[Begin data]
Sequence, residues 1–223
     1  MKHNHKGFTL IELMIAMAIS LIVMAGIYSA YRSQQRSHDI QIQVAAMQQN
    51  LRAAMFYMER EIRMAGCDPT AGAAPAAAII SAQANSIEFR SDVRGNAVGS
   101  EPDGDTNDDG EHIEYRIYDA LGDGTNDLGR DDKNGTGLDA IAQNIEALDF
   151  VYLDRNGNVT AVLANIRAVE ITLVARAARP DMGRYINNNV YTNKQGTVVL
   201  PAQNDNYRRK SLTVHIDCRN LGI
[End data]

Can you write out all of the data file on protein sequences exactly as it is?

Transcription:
Sequence, residues 1–223
     1  MKHNHKGFTL IELMIAMAIS LIVMAGIYSA YRSQQRSHDI QIQVAAMQQN
    51  LRAAMFYMER EIRMAGCDPT AGAAPAAAII SAQANSIEFR SDVRGNAVGS
   101  EPDGDTNDDG EHIEYRIYDA LGDGTNDLGR DDKNGTGLDA IAQNIEALDF
   151  VYLDRNGNVT AVLANIRAVE ITLVARAARP DMGRYINNNV YTNKQGTVVL
   201  PAQNDNYRRK SLTVHIDCRN LGI